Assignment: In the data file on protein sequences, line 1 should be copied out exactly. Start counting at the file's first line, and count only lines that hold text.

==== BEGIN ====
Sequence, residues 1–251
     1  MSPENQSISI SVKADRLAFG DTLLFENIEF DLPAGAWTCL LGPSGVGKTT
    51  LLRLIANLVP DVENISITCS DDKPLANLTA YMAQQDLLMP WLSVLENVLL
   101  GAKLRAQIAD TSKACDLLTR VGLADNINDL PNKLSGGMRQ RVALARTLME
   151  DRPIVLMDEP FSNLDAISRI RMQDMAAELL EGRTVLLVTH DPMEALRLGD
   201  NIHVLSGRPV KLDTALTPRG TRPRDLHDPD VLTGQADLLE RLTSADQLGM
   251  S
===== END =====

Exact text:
Sequence, residues 1–251